Just last week, I realized that I was doing it again. I was over-rowing the proverbial boat—or, said differently—my life, my brain, and my to-do list had reached full capacity. But I caught myself this time before there was too much collateral damage and unwanted waves.
Let me explain. We are in the midst of a super busy, yet unbelievably energizing time of year here at Linkage as we prepare to host over 1,000 leaders at our fall Institutes. As I started to dive in to everything ahead (OK, plus all of the back-to-school changes that come with this time of year), my mind was running at a thousand miles a minute.
Each day, I felt the weight of the world on my shoulders—I felt constant pressure to ensure that nothing on my work and home plates fell through the cracks, that my team was aligned and firing on all cylinders, that my husband and I were in lockstep on Fall sports schedules and back-to-school shopping needs, all the while demonstrating a level of responsiveness to a seemingly never-ending number of emails so that everyone knew they could count on ME.
I got this.
All good and earnest reasons to be putting in 13-14 hour days in my own mind. I woke up at 5:00 AM because my brain was working overtime, acting as its own alarm. I went directly to my iPhone to check my email on my way downstairs to my coffee pot and laptop. As the social/play date management of our 5th grader collided with the all-hands-on-deck at work reality, which then collided with the hiring of a new after-school sitter/tutor, which in turn collided with a member of my team departing for maternity leave—I began to speed up the rowing. I had to. Sound familiar, fellow overachieving women leaders?
Over-rowing is not the answer
It doesn’t feel wrong or bad. But, it does eventually exhaust me. And, because it comes from a place of good intention and a desire to help, it never feels not OK to me. Until it does. Until I whip myself into such a frenzy about the many things that need to get done that I can’t possibly do in a day. Or (worse yet) face the inevitable fact that I may be disappointing someone because I overcommitted.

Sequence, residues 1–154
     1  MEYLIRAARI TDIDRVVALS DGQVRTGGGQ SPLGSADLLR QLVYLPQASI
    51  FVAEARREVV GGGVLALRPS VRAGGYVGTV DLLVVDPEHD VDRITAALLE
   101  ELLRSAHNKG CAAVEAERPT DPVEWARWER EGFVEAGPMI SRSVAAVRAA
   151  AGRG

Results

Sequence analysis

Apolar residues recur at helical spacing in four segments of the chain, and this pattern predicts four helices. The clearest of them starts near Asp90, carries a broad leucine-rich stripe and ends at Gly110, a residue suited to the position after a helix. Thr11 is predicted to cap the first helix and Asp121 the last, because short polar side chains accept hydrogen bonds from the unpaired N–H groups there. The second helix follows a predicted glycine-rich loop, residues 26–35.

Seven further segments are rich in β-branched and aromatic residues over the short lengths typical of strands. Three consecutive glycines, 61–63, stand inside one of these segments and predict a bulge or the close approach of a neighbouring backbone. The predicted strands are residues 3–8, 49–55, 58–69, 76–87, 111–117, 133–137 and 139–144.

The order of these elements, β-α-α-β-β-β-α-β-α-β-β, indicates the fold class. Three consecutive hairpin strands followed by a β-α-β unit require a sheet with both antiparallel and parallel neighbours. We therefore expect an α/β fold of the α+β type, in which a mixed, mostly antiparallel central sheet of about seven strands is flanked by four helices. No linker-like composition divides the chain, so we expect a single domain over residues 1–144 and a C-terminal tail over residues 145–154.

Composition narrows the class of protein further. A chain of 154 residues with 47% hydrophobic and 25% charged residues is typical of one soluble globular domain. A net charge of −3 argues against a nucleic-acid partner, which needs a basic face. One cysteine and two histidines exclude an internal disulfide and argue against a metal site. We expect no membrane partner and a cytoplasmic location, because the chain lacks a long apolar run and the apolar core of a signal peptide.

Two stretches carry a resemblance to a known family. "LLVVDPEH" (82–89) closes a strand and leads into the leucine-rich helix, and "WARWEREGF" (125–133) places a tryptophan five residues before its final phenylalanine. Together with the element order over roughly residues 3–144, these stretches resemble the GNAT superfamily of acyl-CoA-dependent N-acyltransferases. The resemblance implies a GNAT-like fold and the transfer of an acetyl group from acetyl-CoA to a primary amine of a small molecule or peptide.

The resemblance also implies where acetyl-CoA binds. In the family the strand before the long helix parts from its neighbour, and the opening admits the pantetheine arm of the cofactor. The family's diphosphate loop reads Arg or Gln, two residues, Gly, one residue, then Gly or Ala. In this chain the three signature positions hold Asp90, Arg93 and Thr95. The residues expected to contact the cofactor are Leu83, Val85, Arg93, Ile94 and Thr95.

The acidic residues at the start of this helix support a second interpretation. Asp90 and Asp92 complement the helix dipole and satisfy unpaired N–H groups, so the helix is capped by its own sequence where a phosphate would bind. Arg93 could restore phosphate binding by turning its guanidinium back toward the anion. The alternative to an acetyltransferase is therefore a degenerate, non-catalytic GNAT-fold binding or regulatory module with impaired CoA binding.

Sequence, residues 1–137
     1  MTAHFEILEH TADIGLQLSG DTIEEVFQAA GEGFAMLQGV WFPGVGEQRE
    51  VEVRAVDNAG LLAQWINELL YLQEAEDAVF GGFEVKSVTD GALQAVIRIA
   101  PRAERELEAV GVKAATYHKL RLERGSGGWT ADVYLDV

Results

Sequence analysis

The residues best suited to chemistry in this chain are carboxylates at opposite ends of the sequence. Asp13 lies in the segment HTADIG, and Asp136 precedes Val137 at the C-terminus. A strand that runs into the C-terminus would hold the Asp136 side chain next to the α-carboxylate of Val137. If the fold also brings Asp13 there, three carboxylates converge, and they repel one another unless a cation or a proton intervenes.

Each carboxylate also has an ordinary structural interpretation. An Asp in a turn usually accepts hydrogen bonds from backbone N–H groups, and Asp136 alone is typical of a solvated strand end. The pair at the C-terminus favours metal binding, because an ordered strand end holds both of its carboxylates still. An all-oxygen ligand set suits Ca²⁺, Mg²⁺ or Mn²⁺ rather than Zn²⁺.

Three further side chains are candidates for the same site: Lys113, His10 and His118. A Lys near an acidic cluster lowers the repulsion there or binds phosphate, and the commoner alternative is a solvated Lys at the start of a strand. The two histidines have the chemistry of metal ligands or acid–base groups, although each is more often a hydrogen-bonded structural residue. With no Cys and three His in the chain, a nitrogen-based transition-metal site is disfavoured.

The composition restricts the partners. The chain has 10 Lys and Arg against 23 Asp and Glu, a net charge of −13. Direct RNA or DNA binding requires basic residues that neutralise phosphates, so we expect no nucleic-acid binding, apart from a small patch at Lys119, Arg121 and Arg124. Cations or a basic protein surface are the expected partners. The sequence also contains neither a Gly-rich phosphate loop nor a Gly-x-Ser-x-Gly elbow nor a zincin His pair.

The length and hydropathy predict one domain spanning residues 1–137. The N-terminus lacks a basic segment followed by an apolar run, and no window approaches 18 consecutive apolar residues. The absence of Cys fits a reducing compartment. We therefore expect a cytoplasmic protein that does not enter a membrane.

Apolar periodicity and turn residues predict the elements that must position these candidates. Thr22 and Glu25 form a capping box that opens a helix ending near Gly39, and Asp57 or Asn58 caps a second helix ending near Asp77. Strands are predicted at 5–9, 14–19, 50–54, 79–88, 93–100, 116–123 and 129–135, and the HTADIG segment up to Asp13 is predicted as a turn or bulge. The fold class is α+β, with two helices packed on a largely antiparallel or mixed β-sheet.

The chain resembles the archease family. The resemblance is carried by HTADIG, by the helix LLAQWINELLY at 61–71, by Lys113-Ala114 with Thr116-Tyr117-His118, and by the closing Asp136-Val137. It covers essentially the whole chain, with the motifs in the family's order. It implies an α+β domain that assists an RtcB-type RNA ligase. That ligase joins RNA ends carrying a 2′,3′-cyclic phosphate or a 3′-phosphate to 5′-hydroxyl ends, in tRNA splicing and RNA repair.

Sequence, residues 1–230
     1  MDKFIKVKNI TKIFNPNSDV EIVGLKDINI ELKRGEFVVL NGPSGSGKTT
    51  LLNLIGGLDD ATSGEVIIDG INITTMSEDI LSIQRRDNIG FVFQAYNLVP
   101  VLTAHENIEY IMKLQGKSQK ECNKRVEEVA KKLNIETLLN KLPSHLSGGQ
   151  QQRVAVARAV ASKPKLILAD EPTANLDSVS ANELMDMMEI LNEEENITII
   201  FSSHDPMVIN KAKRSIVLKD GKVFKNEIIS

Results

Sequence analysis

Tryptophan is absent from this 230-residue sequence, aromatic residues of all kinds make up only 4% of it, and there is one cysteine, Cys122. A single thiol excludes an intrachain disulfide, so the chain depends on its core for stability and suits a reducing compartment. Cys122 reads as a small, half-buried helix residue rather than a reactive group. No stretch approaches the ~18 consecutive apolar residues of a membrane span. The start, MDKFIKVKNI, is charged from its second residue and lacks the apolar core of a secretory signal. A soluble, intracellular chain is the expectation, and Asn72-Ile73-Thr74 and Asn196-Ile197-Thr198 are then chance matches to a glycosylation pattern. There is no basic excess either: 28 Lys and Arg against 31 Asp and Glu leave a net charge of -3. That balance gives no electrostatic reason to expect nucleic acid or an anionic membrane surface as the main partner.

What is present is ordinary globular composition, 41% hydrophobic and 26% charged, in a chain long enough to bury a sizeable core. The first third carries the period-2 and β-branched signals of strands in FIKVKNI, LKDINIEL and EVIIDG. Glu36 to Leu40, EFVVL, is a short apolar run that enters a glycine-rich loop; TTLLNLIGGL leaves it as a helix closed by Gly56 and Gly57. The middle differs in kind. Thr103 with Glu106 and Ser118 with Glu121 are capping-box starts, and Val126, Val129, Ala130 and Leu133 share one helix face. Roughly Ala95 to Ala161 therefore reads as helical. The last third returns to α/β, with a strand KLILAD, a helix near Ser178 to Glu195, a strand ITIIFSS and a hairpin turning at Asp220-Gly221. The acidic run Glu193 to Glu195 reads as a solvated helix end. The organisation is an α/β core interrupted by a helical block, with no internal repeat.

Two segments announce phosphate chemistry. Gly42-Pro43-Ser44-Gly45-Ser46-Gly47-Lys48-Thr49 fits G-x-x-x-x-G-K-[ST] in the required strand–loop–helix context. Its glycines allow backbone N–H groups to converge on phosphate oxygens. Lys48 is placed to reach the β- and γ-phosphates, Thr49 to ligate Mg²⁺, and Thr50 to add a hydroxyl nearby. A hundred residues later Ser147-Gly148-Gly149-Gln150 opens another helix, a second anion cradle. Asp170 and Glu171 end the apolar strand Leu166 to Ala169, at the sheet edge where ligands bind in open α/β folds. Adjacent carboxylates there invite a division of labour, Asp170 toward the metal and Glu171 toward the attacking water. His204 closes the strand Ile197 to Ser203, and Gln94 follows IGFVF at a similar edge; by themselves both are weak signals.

I’m talking about our innate desire to prove our value and the very real impact that it has on our ability to effectively lead our teams and manage our own self-worth. I have come to realize that sometimes I can’t tell the difference between my own innate work ethic (which has me working more and thinking about work more than the average bear) and overcompensating and over-delivering.
Hustling for our worthiness is different than healthy striving, which comes from a place of knowing that we do not have it all under control at all times—and that’s OK. When we hustle, rowing at the speed of light, we are often overcompensating for something we may feel we are (or others are) deficient in.
Leading from your center
Overcompensating, over-delivering, doing it all ourselves, taking on too much, wanting to make it perfect—many of us are guilty of these things. When we do this, we don’t leave ourselves room to take a step back and acknowledge that we need help—and we miss an opportunity to equip the individuals around us with the knowledge that they need to learn and grow—alleviating some of our burden along the way. Leaders, especially overachieving women leaders need to attract great talent and then inspire them, share responsibility with those who are eager to learn, and create an environment where our leadership enables others to make an impact too.
The path to leading consciously begins and ends with awareness, and requires that we take PAUSE. My own frustration around the circumstances that I describe above led me to pause recently—something that I practice routinely as I manage my own Inner Critic, that voice in my head that offers me unsolicited advice about what I (and others) could do better.
It’s our responsibility to slow it down. This doesn’t mean that you should care less or even work less (although some could rein it in a bit). What I’m suggesting is that when we take so much on (which makes us feel needed and full of purpose), it can lead to the alienation of others. Where and how we set boundaries about what’s possible is up to each of us to determine and communicate as needed.
So, are you proving your value beyond what is called for? Creating waves that might be impacting others in ways you don’t want? Leading with a whirlwind of intensity instead of from a place of center? If you are, stop. Take pause and ask for help.